Insurance is another key that not many property investors really pay attention to. In Japan, insurance is normally provided through your real estate broker when you buy the property.
Compared to the actual amount of money you are paying for the property, the insurance premium is rather small, but still it costs the equivalent of around ten thousand dollars to cover damage from fire, flooding and earthquakes for ten years. The premiums, however, depend on the price and size of the property.
Once you buy the insurance, it pays to review the terms of insurance periodically. It can hurt you if you don’t, as I found out when there was flooding in Chiba because of a typhoon. Water got into the ground floor of my building, which is being used as an office. It damaged computers, and the tenant complained. I put in a claim against my insurance, but the insurance broker told me this case was not covered, so I had to pay ten thousand dollars out of pocket.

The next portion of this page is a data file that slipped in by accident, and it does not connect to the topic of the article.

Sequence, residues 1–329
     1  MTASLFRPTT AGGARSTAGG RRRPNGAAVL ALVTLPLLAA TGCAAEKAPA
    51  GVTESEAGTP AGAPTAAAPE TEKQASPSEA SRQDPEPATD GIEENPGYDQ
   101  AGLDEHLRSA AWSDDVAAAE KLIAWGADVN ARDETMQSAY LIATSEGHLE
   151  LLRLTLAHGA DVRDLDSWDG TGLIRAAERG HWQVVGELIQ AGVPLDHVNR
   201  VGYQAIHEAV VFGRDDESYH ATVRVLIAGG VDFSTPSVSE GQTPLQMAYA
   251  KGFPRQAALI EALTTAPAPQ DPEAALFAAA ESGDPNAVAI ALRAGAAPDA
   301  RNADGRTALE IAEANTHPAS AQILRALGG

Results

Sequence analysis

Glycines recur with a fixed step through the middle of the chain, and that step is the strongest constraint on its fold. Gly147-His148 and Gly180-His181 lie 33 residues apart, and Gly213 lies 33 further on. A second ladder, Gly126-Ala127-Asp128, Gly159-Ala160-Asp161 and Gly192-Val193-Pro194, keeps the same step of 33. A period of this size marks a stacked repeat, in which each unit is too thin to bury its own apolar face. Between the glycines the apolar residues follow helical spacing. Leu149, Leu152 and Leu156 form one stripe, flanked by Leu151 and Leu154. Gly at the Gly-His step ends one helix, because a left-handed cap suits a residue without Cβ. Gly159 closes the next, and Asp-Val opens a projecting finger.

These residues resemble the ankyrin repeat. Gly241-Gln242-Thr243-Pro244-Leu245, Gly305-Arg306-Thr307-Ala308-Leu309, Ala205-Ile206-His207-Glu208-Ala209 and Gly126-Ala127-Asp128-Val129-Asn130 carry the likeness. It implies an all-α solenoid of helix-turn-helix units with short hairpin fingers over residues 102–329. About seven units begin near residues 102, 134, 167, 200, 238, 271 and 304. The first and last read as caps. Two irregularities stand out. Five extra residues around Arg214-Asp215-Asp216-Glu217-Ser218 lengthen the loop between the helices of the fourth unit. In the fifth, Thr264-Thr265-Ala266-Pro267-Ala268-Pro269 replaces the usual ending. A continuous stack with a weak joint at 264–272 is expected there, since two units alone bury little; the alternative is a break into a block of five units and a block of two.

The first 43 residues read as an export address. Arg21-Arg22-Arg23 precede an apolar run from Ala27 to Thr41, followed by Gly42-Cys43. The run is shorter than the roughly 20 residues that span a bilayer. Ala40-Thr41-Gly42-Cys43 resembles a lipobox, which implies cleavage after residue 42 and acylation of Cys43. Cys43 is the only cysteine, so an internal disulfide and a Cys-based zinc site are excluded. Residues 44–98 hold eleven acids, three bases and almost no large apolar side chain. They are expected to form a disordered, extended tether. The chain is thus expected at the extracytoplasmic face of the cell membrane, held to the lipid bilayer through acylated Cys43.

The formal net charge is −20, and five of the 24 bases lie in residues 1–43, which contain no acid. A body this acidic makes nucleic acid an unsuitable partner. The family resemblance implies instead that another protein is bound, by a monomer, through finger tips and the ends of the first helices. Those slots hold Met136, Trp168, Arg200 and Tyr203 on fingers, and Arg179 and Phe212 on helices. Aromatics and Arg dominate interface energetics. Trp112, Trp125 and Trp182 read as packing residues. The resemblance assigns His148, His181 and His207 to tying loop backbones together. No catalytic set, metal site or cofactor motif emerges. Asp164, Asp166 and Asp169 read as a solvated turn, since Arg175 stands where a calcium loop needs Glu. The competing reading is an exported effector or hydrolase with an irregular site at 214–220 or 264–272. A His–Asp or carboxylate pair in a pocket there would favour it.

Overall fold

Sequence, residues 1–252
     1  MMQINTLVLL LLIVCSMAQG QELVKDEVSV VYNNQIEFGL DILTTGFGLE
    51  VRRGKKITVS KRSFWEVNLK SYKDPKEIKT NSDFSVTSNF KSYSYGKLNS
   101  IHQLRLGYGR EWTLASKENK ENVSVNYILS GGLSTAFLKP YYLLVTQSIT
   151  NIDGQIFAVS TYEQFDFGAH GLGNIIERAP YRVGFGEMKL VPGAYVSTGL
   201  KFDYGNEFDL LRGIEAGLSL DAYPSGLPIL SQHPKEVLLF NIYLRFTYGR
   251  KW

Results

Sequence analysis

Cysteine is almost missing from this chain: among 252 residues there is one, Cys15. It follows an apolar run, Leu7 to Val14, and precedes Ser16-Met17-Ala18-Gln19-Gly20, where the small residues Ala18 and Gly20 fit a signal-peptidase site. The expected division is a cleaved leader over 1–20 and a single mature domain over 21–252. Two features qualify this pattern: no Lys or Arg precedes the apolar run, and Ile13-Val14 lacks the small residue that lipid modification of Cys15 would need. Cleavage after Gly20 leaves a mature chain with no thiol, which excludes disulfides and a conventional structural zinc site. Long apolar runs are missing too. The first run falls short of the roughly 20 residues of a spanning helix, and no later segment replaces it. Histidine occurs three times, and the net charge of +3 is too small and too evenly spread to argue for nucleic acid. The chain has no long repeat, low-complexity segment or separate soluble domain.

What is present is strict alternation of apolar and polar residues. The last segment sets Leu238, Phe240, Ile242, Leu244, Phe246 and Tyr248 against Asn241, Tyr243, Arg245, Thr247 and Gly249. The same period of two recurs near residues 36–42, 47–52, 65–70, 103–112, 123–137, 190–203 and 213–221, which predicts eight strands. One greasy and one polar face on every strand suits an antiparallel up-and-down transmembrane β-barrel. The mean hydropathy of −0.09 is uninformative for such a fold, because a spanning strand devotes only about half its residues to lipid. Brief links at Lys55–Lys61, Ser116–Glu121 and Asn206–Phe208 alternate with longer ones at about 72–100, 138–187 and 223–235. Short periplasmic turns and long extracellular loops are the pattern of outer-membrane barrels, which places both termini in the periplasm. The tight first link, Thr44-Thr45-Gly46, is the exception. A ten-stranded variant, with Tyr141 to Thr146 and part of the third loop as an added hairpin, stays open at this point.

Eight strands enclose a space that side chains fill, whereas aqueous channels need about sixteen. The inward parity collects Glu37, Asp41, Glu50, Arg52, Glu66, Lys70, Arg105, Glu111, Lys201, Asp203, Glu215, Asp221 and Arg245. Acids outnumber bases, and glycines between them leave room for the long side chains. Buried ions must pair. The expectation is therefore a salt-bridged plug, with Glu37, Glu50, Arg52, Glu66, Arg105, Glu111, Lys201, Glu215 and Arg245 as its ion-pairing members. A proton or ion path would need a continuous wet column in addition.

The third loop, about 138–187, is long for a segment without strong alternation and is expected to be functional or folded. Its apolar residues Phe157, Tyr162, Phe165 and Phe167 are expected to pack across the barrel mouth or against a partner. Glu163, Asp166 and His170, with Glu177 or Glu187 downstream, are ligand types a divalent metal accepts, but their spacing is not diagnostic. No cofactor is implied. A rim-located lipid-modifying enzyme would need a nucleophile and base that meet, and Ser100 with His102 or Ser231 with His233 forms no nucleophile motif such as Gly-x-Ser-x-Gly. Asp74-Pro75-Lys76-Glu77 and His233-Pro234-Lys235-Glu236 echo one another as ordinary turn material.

As I said, it’s normal for the real estate broker to provide the insurance company, and a broker may also be an agent of the insurance company as well because the insurance company knows they deal with owners.
Since the broker is the insurance agent for a particular insurance company, he or she will naturally propose using that company’s insurance. They just propose Package A or package B, and ask you to choose. This is true of almost all insurance agents in Japan—they’re basically just sales agents, so you need to be very careful when you buy insurance in Japan.
To Be Continued